This blog is based on a recent article written by Geomerics for the publication Making Games. For more information on any of the techniques outlined in this blog, read more here.
Lighting is the most fundamental element of any game environment. Applied correctly, it brings three dimensional geometry to life, amplifies the emotions of a scene and draws the eyes to important areas of focus. Global illumination, the interplay of lights and materials, plays a significant role in creating this balanced scene lighting.
Image 1: The left image shows direct lighting only; the right image shows the difference the addition of global illumination makes.
It is vital that games industry members understand the variety of techniques available and adopt the one that is most suitable for their platform, environment, gameplay and performance budget. In this article we’ll explore a variety of options available, weigh up their advantages and limitations and conclude with recommendations for different scenarios.
Baked lighting is an extremely common technique used for both direct and indirect lighting information as well as other effects such as ambient occlusion. It fully pre-calculates lighting information for static scenes and stores the output in static data structures which are then consumed by fragment shaders. The most commonly used data structures are textures, spherical harmonics probes and cubemaps.
Baking can produce high quality results and is among the most affordable runtime techniques, enabling performance efficient indirect lighting even on mobile devices. However, everything is static at runtime both in the game and in the editor. Light sources, materials and meshes can’t be changed at runtime. The only option for dynamic content is to swap out entire data sets, which is very costly with respect to memory consumption as well as creating and managing this additional content. This either limits dynamic gameplay options or requires sacrifices with respect to visual quality or dynamic content.
In addition, baked lighting has the lengthiest workflow of all the global illumination solutions listed in this article. In order to see the effect of any changes made to a scene, no matter how small, artists need to run a full lighting bake. Given that in order to get a scene to AAA quality an artist will need to iterate on each individual light many times, baking can have a significant impact on a studio’s bottom line as well as the quality of the final result.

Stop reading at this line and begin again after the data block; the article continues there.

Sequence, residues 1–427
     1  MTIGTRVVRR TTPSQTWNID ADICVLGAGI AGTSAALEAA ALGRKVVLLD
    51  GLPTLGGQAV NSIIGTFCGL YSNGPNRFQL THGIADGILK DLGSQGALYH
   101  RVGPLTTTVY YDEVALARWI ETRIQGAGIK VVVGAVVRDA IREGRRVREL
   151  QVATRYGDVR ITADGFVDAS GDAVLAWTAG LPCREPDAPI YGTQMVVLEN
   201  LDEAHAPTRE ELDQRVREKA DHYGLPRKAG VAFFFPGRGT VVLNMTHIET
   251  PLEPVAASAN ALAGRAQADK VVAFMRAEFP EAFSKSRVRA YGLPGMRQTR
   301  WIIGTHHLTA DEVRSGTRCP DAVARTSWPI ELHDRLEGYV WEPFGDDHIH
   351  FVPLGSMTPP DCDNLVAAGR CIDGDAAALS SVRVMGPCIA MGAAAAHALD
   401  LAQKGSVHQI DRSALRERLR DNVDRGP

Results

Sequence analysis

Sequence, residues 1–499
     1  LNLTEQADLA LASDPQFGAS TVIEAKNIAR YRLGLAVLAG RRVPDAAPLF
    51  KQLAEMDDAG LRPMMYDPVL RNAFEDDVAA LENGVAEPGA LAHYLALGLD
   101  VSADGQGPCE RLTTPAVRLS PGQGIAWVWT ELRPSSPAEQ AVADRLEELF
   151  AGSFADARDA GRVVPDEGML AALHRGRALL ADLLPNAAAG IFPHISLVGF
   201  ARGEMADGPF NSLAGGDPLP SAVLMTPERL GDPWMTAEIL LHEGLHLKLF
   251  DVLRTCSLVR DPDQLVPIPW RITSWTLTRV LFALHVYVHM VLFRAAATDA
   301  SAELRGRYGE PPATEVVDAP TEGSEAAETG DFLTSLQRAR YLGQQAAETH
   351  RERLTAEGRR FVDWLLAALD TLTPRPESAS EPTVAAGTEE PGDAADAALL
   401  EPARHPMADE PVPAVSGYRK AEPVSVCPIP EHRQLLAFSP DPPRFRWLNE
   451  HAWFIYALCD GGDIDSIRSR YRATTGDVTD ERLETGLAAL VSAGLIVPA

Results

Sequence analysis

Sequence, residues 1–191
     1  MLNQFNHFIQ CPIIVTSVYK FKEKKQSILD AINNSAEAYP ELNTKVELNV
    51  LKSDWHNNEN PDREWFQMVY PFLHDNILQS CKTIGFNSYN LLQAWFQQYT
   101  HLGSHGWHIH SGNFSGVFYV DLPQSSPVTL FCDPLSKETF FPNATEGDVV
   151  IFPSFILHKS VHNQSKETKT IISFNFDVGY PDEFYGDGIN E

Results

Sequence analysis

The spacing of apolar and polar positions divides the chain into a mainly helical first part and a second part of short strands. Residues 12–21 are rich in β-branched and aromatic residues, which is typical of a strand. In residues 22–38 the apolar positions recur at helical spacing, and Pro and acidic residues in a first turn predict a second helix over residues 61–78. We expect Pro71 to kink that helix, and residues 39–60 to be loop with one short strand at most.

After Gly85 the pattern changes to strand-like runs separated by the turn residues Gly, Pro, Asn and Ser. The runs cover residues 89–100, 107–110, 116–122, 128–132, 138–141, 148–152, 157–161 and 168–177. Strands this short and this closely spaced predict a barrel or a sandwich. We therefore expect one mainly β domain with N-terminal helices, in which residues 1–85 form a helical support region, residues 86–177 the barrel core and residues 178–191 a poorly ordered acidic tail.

The technique for light propagation volumes was proposed by Kaplanayan and Dachsbacher in 2010 as an alternative to traditional baked lighting and first implemented in CryEngine 3. The core idea behind this technique is to inject virtual point lights into a three-dimensional data structure, aggregate the injected lights for each cell, and finally iteratively propagate them to neighbouring cells.
Light propagation volumes allow lights, materials and objects to be fully dynamic at runtime. They work well with complex geometry and are relatively stable and flicker-free. At basic quality levels the technique can even scale down to mobile platforms. In addition, light propagation volumes can theoretically support multiple bounces, glossy reflections and participating media; however, in reality these extensions are considered too expensive for practical applications and the computational resources are rather used to improve the base lighting quality.
Image 2: Light propagation volumes can support participating media and glossy reflections
The technique has a number of issues that limit its application, the biggest being their low spatial resolution due to memory constraints even when employing cascades. Due to this, light and shadow leaking are a common occurrence and the lighting result is fairly ambient with low contrast. Combined with the fact that runtime performance scales with the number of light sources, light propagation volumes are mostly used for outdoor scenes with only a single directional light source.
While light propagation volumes calculate lighting for each cell and apply the indirect lighting result by a simple lookup into a volume texture, voxel cone tracing only calculates lighting in areas where there is actual geometry while performing a much more involved aggregation of the indirect lighting in the fragment shader.